home > archive > 2001 > this article

When war comes to a peaceful nation

By Doug Patton
web posted October 15, 2001

"The war has done us this good...of assuring the world that although attached to peace from a sense of its blessings, we will meet war when it is made necessary."

-- Thomas Jefferson

Jefferson was speaking of the War of 1812 – the last war, until September 11, 2001, in which a foreign power actually attacked Americans on American soil, within the Continental United States – but the sentiment is as fresh as it was nearly two hundred years ago.

Having penned the American Declaration of Independence from the tyranny of King George of Great Britain, our third president understood that war is sometimes the only way to achieve peace.

Last week, here in Omaha, a group called "Nebraskans for Peace" held a rally protesting our government's actions in Afghanistan. It was just one of many such rallies that have been sponsored by "peace" groups around the country since we all watched in horror as thousands of innocent Americans were murdered on Sept. 11.

God bless America. They have that right. What they don't understand is the price that was paid to give them that right.

My father and millions of other men marched off to World War II to fight for all the rights enumerated in the Constitution of the United States. Our family was blessed. My dad came home from that war. Hundreds of thousands of his fellow citizen soldiers did not.

David Horowitz was a sixties leftist who had a 180-degree turn-around in his thinking when he saw the damage he and his comrades had done to this country. Horowitz, now an author and speaker, heads up the Center for the Study of Popular Culture and publishes Front Page Magazine on the web. In one of his most recent columns, entitled "Battle for America's Youth," he talks about how the protests of the sixties actually prolonged the Vietnam War and probably delivered South Vietnam into the iron grip of Communism. It was a complaint that was dismissed as overly simplistic at the time, but which has a great deal of validity a quarter century later.

Horowitz writes:

"If I have one regret from my radical years, it is that this country was too tolerant towards the treason of its enemies within. If patriotic Americans had been more vigilant in the defense of their country, if they had called things by their right names, if they had confronted us with the seriousness of our attacks, they might have caught the attention of those of us who were well-meaning but utterly misguided. And they might have stopped us in our tracks."

In a recent column in USA Today that speaks for the utopian movement of misguided peaceniks on college campuses around the world, Richard Deats, PhD., interim co-executive director of the Fellowship of Reconciliation in Nyack, NY, criticized the current round of air strikes. He wrote:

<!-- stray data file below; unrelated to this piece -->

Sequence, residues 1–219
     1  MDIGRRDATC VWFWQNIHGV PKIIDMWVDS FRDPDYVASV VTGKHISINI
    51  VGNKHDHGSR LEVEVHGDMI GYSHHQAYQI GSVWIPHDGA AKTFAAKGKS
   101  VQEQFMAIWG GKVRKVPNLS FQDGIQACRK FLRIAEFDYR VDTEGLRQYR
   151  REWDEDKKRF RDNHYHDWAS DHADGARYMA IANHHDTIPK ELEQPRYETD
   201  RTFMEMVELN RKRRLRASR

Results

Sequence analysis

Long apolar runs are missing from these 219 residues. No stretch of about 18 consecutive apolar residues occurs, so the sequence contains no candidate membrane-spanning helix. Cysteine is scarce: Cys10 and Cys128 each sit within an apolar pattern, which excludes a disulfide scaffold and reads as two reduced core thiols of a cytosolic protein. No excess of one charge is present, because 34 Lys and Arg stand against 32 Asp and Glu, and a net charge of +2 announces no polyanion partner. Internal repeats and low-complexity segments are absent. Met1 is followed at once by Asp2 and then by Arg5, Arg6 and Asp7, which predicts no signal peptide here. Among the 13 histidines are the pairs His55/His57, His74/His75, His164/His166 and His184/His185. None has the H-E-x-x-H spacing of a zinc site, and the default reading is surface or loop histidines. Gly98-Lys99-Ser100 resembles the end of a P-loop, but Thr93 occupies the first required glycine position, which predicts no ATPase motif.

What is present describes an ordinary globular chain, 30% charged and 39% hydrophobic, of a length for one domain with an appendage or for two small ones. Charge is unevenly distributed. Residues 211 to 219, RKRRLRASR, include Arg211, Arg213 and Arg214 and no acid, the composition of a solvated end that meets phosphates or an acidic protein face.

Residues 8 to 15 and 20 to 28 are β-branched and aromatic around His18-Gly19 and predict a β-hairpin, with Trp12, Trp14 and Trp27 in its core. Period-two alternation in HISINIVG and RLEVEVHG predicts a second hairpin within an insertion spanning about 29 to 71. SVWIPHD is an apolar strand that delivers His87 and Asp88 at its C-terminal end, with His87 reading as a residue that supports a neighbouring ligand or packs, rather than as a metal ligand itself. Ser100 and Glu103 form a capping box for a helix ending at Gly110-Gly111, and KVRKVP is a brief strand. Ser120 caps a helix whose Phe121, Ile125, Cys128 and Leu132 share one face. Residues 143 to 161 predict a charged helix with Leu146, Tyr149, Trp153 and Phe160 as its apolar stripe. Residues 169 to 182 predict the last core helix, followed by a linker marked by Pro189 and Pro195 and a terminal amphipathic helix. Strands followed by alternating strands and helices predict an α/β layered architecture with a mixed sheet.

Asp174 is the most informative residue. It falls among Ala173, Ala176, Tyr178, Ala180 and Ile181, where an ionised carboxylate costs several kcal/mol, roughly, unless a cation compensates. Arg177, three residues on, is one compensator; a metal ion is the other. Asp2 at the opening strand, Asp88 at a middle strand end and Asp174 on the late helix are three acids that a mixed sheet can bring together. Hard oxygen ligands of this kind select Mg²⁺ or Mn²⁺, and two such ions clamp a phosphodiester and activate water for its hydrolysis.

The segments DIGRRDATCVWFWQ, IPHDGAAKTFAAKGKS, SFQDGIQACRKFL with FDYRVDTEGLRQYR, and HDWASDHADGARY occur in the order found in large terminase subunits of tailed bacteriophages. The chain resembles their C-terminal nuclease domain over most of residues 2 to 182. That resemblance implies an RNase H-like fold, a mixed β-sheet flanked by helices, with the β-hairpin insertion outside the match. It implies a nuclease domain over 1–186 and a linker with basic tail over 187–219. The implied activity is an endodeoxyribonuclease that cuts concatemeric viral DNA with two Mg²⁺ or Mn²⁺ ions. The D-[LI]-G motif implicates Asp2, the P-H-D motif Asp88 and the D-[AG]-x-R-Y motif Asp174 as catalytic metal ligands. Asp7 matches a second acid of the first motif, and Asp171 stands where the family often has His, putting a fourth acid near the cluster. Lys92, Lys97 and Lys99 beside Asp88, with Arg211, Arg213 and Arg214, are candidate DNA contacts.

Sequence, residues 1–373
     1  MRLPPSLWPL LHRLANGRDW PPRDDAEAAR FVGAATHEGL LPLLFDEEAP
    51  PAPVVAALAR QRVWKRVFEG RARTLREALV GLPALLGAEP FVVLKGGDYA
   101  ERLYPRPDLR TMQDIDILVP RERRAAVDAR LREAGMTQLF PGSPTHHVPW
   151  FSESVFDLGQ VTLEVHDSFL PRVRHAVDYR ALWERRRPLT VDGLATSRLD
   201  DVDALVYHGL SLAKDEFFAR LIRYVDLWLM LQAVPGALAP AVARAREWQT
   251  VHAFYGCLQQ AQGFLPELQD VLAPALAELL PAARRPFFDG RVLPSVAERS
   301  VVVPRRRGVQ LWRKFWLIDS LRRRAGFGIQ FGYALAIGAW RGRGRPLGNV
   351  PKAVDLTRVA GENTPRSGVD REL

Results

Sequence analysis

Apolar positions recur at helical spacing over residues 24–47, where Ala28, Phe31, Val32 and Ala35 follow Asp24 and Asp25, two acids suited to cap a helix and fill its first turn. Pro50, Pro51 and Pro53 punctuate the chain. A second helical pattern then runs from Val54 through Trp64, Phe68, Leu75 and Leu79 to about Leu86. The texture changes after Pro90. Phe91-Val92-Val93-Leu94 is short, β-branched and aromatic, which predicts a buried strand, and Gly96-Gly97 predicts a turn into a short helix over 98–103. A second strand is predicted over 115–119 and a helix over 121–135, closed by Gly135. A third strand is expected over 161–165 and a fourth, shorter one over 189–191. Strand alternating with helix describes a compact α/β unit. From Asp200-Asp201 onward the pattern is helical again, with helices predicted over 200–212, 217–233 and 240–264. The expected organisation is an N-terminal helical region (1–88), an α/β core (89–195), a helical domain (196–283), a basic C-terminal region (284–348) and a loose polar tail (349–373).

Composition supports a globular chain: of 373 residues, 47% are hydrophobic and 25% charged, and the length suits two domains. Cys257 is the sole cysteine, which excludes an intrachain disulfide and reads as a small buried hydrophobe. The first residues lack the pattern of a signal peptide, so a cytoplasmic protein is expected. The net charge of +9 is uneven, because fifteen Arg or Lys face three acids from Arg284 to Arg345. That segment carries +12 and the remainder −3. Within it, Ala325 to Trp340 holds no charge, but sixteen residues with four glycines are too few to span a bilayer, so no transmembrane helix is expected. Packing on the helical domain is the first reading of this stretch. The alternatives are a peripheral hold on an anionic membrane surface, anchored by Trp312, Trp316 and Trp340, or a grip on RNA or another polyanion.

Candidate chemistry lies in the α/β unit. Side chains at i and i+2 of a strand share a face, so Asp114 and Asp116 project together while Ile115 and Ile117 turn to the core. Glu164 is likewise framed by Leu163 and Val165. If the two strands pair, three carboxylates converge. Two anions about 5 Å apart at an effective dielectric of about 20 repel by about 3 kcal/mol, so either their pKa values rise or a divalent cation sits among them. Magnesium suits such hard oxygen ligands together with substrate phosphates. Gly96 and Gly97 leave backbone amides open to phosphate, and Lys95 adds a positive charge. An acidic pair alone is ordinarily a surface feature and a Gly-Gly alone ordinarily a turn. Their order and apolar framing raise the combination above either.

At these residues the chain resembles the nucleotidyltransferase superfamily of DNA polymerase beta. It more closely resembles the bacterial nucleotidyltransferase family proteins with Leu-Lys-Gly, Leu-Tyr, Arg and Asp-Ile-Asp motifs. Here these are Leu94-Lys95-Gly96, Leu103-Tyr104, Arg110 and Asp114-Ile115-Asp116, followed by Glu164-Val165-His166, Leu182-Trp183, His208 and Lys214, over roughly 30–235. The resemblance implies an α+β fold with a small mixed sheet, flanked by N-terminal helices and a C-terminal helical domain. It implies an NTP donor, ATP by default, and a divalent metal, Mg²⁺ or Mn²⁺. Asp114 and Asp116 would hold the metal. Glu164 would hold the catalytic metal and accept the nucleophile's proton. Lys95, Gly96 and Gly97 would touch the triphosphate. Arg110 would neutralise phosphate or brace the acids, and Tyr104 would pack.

"What if an equivalent amount of imagination and resources were used for the building of a coalition for peace? The atrocious attacks of Sept. 11 were not an act of war but a crime. Fighting a war is different from solving a crime and bringing the criminals to justice. The U.S. should bring together law enforcement agencies of many nations to amass evidence of this terrorist network and bring the evidence before the United Nations, with the call for an international tribunal. This would support U.N. Secretary-General Kofi Annan's pledge that the U.N., with treaties against terrorism already in place, should spearhead a global effort to rid the world of terrorism. Eight Nobel Peace laureates have called for an international conference on terrorism that could further enhance a suitable response of the community of nations."

Deats goes on to say this:

"An all-out military assault on the terrorists and their supporters is only pulling us further into a world of terrorist strikes, counterstrikes and deepening misery. Martin Luther King warned that our choice is either non-violence or non-existence. Dare we try the way of non-violence?"

What unmitigated, unadulterated, utopian claptrap! Don't these people read history? Have they never heard of Neville Chamberlain's attempt to embrace "nonviolence?" Then and now, it was called appeasement. It didn't stop Hitler and it won't stop Osama bin Laden.

Peace is an elusive thing that must be forced on some people. To those of you who think that the scourge of terrorism will be ended through chants and songs and international tribunals, America says this to you: go right on enjoying your freedom to demand peace at any price. Just remember that thousands of your countrymen are about to pay the price history has always demanded.

Doug Patton is a freelance columnist who has served as a speechwriter and policy advisor for federal, state and local candidates and elected officials. His work appears in various newspapers and on numerous web sites, including,,,, TikiTrash.commentary, and © 2001 by Doug Patton

Printer friendly version
Printer friendly version
Send a link to this page!
Send a link to this story

Printer friendly version Send a link to this page!

Get weekly updates about new issues of ESR!
Subscribe | Unsubscribe





1996-2020, Enter Stage Right and/or its creators. All rights reserved.

You've seen the banner, now order the gear!
Visit ESR's anti-gun control gear web site for T-shirts, mugs and mousepads!